The writing is straight forward and he offers dozens of tips and tricks for those interested in, those new to, and even those veteran of using real estate as an investment option. Turner walked a fine line of saying this is the best way versus this is what was the best for me, but might not be the best for you. That being said, he did a lot of pimping for BiggerPockets (hand that feeds you, etc. blah blah blah).
I’m really taking to heart all of the articles I read about the most successful people and I’m trying to read one nonfiction book that will teach me something every month this year. I just looked back on all my stats from the last year and I’ve averaged 16 nonfiction books a year.
I’m still not 100% sure what list I saw this on, but I picked up a copy back in August of 2016. It was probably when I started reading about the importance of mental acuity and keeping your mind sharp and constantly learning how to do new things. That or it was when I was dealing with some craziness at work and needed all the advice I could get! Pick any number of these books and you’ll see what I mean, specifically those dealing with conflict.
It covers a lot of the same ground as Bach’s free newsletter and the previous book I recently read by him, The Automatic Millionaire. This makes sense as he’s built his personal finance empire on the same basic tenets of automate as much of your wealth as you can and save as much as you can while simultaneously diversifying and increasing your income.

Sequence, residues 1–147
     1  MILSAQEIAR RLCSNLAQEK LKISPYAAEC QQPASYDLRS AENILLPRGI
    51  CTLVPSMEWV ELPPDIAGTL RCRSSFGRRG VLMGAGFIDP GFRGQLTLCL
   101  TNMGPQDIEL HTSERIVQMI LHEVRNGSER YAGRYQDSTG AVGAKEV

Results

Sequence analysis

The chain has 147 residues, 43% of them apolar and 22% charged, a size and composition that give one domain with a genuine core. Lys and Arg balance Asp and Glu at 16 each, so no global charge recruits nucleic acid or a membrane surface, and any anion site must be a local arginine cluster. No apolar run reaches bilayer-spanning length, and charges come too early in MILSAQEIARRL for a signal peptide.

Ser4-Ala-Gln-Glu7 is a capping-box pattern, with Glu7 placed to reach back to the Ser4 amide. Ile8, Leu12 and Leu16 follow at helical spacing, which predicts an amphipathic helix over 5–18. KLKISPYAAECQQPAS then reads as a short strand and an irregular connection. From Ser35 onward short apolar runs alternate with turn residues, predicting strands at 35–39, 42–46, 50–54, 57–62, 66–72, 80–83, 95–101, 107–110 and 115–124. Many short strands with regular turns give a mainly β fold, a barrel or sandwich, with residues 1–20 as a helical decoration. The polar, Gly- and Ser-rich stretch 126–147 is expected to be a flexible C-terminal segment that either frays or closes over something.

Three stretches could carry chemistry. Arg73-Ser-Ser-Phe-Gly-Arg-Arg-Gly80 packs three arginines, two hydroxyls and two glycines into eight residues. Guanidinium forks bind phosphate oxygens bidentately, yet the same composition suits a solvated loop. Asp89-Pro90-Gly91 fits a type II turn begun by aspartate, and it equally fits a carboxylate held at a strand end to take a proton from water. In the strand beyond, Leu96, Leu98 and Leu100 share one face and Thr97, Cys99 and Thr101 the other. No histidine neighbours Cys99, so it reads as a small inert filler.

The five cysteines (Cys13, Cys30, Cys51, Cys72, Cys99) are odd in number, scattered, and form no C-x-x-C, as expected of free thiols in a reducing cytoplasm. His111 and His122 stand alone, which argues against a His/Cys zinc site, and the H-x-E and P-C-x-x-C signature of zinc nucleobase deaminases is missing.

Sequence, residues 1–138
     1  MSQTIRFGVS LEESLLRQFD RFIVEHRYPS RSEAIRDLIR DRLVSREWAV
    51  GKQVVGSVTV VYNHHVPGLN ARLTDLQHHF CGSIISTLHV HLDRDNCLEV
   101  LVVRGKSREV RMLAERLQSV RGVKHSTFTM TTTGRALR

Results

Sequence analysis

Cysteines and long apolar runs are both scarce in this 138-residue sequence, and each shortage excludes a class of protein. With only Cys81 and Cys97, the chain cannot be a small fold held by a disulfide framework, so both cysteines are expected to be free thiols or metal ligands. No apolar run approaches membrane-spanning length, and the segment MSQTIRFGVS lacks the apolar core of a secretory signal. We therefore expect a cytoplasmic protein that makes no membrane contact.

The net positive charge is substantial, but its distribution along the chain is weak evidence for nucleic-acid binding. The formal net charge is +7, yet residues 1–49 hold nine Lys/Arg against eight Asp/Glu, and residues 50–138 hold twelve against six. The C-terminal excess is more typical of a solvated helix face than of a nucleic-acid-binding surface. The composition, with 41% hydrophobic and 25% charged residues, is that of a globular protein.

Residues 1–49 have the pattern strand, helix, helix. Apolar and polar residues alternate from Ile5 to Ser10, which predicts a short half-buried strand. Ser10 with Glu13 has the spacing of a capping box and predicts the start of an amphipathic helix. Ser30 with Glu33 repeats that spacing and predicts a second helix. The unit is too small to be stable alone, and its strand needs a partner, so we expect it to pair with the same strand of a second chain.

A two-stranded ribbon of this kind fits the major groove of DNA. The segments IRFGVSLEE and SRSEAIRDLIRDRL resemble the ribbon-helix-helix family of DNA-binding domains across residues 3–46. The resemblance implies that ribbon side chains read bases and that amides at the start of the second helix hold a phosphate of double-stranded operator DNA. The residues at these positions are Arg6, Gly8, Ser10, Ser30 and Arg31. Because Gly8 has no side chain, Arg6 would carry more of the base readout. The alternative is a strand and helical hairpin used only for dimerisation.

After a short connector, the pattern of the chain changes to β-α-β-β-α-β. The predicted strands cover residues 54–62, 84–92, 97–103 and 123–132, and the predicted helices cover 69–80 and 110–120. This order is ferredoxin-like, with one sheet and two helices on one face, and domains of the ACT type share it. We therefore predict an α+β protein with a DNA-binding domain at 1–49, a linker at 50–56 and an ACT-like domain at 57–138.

In this book he takes the same premise (along with purchase a house) and says do it faster! It’s no longer identify your latte factor, it’s turbocharge your latte factor! I did find the addition of consider franchising to be very interesting, almost enough so to make me go look at more books/how-to guides about it. Continue reading “Book 513: Start Late, Finish Rich – David Bach”
I came across this book when I started listening to the Better Off podcast (iTunes link) , which is sponsored by Betterment (more on that later – including a referral link ;-D). David Bach, the author, was the guest on the very first episode. I was intrigued enough by his interview that I wanted to read the book. It sounded a lot like what I discovered on my own, but I wanted to verify and see what other tips or tricks he offered. But before I talk about the book, first the back story:
After completing my 30×30 a few years ago and getting rid of my credit card debt, I’ve become much more interested in personal finance and making sure that I am planning for the future, whether it’s mine, that of any future children I have, or the fact that my mom, dad and step-mom (and at least one aunt) are all rapidly approaching retirement age.